Yucra S, Gasco M, Rubio J, Nieto J, Gonzales GF. Effect of different fractions from hydroalcoholic extract of Black Maca (Lepidium meyenii) on testicular function in adult male rats. Fertil Steril. 2008;89(5 Suppl):1461-7.
Gonzales C, Cárdenas-valencia I, Leiva-revilla J, Anza-ramirez C, Rubio J, Gonzales GF. Effects of different varieties of Maca (Lepidium meyenii) on bone structure in ovariectomized rats. Forsch Komplementmed. 2010;17(3):137-43.
Chacon RG. Phytochemical study on Lepidium meyenii. PhD Thesis. Peru: Univ. Natl.Mayo de San Marcos. 1961;1046.
Gonzales GF, Miranda S, Nieto J, et al. Red maca (Lepidium meyenii) reduced prostate size in rats. Reprod Biol Endocrinol. 2005;3:5.
Gonzales-castañeda C, Rivera V, Chirinos AL, Evelson P, Gonzales GF. Photoprotection against the UVB-induced oxidative stress and epidermal damage in mice using leaves of three different varieties of Lepidium meyenii (maca). Int J Dermatol. 2011;50(8):928-38.
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Gonzales C, Rubio J, Gasco M, Nieto J, Yucra S, Gonzales GF. Effect of short-term and long-term treatments with three ecotypes of Lepidium meyenii (MACA) on spermatogenesis in rats. J Ethnopharmacol. 2006;103(3):448-54.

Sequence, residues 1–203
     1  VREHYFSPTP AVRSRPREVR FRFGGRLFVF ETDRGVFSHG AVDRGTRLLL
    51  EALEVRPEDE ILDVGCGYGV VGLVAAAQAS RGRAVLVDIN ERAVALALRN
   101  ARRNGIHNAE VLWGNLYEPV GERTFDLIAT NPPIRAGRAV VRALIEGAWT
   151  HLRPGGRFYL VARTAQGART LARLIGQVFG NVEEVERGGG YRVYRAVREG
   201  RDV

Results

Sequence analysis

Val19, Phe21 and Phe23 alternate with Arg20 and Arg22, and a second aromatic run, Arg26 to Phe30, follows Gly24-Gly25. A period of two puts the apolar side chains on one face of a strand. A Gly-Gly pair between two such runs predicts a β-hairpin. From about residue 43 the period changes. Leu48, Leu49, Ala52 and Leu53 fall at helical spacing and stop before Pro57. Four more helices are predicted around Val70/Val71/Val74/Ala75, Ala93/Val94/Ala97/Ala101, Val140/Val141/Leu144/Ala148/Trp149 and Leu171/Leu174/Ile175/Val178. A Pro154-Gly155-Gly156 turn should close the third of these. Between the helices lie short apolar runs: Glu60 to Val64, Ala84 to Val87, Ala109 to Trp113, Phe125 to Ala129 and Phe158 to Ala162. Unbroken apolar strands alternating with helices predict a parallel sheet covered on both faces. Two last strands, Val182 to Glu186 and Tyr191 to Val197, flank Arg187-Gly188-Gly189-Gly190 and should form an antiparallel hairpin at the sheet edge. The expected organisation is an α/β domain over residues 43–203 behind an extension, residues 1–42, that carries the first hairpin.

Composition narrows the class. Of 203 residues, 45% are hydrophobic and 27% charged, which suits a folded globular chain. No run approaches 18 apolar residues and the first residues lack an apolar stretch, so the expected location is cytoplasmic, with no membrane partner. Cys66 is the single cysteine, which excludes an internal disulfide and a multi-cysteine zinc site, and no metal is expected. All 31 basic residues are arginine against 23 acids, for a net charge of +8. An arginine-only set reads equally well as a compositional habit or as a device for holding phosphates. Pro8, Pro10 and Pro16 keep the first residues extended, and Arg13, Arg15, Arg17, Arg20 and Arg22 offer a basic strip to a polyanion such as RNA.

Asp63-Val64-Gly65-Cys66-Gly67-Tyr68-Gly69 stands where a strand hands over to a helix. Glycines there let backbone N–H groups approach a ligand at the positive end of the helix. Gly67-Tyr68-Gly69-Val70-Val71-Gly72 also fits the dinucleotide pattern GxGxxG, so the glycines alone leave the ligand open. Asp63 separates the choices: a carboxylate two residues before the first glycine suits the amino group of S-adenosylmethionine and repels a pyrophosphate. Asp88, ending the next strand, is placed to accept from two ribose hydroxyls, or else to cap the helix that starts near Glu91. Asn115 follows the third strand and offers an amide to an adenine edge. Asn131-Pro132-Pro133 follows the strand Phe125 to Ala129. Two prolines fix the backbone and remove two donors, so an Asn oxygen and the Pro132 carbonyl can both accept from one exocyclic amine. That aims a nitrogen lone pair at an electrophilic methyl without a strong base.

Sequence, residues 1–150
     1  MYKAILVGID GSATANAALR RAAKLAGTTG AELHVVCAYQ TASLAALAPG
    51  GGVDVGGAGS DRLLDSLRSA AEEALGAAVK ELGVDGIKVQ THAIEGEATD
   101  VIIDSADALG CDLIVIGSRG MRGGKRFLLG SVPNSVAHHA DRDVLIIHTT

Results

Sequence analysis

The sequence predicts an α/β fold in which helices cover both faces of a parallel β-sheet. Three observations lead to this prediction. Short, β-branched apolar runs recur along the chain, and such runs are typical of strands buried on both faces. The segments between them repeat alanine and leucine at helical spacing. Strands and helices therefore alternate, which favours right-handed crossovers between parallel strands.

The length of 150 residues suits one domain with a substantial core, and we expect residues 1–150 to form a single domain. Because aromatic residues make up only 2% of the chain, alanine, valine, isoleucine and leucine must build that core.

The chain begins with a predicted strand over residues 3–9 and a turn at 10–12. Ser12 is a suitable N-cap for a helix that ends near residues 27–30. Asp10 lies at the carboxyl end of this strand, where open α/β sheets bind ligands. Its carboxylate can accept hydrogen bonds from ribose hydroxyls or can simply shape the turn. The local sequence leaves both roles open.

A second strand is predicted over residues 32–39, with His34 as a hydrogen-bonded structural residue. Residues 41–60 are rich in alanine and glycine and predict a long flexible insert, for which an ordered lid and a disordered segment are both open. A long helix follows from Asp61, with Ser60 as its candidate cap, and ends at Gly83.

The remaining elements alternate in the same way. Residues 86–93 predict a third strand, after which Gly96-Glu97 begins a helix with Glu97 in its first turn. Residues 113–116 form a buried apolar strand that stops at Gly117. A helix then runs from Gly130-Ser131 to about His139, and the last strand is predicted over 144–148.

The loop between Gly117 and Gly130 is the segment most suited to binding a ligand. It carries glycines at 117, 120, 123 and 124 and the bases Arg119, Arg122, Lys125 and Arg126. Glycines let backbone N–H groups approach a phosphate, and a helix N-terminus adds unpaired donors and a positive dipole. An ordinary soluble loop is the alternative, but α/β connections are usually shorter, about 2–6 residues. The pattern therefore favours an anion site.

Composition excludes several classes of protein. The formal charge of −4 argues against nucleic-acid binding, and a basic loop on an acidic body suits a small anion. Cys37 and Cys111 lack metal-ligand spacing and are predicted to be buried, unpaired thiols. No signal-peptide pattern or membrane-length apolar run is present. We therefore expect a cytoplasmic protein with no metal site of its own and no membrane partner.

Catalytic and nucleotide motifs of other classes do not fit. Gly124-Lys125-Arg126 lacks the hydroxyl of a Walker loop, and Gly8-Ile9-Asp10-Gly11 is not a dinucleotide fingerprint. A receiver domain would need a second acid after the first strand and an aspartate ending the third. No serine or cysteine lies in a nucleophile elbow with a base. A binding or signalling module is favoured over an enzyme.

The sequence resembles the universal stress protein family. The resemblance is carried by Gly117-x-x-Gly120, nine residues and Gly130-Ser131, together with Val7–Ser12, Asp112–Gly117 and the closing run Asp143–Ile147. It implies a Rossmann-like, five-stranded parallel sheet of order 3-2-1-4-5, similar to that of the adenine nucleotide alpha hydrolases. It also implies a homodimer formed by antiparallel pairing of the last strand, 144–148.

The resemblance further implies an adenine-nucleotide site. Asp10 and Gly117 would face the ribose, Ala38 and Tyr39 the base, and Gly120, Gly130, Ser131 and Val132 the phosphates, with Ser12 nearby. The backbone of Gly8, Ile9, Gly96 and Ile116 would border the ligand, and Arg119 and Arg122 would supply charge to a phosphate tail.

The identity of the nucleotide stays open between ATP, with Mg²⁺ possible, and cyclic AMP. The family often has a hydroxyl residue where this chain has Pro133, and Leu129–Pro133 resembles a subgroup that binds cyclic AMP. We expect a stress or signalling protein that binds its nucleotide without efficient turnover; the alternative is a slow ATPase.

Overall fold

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Meissner HO, Mscisz A, Reich-bilinska H, et al. Hormone-Balancing Effect of Pre-Gelatinized Organic Maca (Lepidium peruvianum Chacon): (III) Clinical responses of early-postmenopausal women to Maca in double blind, randomized, Placebo-controlled, crossover configuration, outpatient study. Int J Biomed Sci. 2006;2(4):375-94.
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Oshima M, Gu Y, Tsukada S. Effects of Lepidium meyenii Walp and Jatropha macrantha on blood levels of estradiol-17 beta, progesterone, testosterone and the rate of embryo implantation in mice. J Vet Med Sci. 2003;65(10):1145-6.
Mazaro-costa R, Andersen ML, Hachul H, Tufik S. Medicinal plants as alternative treatments for female sexual dysfunction: utopian vision or possible treatment in climacteric women?. J Sex Med. 2010;7(11):3695-714.